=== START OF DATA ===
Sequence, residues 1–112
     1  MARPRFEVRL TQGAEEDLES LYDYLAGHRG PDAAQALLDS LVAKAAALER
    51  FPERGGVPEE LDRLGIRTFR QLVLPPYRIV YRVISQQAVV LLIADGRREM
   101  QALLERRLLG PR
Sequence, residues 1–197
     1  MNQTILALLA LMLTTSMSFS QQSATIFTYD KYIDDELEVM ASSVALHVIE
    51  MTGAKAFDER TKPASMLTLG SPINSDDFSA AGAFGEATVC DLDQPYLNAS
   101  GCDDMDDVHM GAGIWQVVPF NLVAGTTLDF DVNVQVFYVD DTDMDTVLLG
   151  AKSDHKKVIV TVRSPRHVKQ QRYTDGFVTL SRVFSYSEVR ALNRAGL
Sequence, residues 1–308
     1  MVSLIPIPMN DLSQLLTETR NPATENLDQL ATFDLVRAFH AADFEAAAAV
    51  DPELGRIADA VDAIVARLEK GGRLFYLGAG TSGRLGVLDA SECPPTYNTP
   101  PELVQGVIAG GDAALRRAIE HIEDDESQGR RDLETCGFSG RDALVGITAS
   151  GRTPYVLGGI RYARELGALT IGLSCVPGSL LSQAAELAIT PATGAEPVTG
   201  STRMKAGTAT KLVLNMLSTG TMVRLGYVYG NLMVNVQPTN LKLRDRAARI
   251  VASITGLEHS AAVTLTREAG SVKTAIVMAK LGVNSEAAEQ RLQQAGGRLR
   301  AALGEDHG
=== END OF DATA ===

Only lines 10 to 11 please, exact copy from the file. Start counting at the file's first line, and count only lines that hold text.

Sequence, residues 1–308
     1  MVSLIPIPMN DLSQLLTETR NPATENLDQL ATFDLVRAFH AADFEAAAAV